During the mid-1990's, Eldora's master plan came under review by
Boulder County officials.  Critical issues included water rights for
snowmaking, expansion plans, improvements to the Shelf Road, and
possible skier limits imposed on the area.  The county's final decision was
to only allow 2,500 skiers at any one given time or no more than 180,000
in one season.  Other restrictions included a ban on amplified sound, no
more than 10,000 visitors in the summer and a mill levy for the access
road.  The county's decision outraged management, which quickly filed
suit against Boulder.  Eldora proposed the county was retaliating on them
because they refused to fund road improvements to the Shelf Road.

In November 1996's election, Eldora lost its ballot proposal for taxpayers
to subsidize the costs for road repairs.  Eventually, the resort and county
officials reached an agreement that costs would be split evenly. During the
summer of 1997, the resort carried out plans for the Indian Peaks
expansion project.  This included a new CTEC quad chair as well as 150
additional skiable acres.

Since the Indian Peaks project Eldora replaced the old Corona chair with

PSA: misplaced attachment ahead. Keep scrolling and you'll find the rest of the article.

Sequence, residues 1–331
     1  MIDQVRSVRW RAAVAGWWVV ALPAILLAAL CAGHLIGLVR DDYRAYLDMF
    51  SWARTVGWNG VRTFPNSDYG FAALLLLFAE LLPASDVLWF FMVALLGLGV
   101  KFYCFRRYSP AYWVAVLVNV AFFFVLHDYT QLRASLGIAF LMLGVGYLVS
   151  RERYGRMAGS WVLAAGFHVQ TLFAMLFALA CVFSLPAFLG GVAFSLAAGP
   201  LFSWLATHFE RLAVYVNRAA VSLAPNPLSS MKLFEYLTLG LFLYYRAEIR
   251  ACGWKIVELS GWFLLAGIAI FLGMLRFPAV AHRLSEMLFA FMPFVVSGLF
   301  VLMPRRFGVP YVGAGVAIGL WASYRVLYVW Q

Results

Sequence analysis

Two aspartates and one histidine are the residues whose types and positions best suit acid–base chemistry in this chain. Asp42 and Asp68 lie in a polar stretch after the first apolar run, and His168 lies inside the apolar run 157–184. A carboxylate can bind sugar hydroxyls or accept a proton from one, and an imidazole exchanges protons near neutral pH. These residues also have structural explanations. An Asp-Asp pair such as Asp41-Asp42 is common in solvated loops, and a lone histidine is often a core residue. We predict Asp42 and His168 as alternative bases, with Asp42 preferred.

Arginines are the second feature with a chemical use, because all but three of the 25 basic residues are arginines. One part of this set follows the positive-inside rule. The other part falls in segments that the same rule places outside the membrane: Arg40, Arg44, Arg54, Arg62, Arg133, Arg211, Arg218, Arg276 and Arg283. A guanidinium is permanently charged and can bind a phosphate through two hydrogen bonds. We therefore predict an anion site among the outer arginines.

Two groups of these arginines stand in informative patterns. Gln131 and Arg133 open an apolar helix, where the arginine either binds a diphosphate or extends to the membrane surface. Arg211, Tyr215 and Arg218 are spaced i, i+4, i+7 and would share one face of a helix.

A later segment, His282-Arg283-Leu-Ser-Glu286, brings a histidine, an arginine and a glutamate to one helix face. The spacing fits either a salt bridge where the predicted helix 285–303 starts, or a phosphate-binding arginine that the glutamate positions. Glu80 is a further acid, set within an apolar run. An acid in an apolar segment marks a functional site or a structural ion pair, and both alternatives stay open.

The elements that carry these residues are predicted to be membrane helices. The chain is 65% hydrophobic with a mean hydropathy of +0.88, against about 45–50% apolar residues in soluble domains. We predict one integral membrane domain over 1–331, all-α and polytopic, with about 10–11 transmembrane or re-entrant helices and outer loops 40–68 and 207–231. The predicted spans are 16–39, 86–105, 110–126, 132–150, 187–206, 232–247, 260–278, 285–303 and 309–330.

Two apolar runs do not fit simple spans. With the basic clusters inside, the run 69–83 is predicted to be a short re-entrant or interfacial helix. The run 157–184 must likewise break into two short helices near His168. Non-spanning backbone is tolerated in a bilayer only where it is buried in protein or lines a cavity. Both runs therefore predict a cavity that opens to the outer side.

a CTEC quad in 1998.  Two years later another beginner lift was erected.
 This chair was built by Riblet and was the last new Riblet chair ever
installed in Colorado.
Steep glades can be found off of the
Corona Bowl.
Eldora offers a nice family atmosphere.
Looking out to the Indian Peak Range.
Looking east towards Boulder from the
Corona Bowl.
Eldora's EZ area.
The trail Ambush on an overcast day.
A view of Eldora's base area and
parking facilities.
Skiing down the trail Corona.
Current Resort Stats: *
Riding up the main mountain.
Pros and Cons to Skiing Here:
+ Close to front range cities
- Unpredictable snow can
mean variable conditions
+ I-70 traffic is avoided by
skiing here
- Slow chairlifts mean
increased riding time
+ Eldora offers an excellent
learn to ski area
- Little snowmaking coverage
on expert terrain
+ Groomed cross-country
skiing is available
- The shelf road to the ski area
can be dangerous
+ The Corona Bowl offers
challenging expert terrain
Early season skiing on the Indian Peaks
Insider Tips to Skiing Here:
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*Resort Stats Current for 2009-10

The Colorado Ski Museum
The Indian Peak Lift overlooking
Heading down towards the Corona Lift.
Historic Eldora Pictures: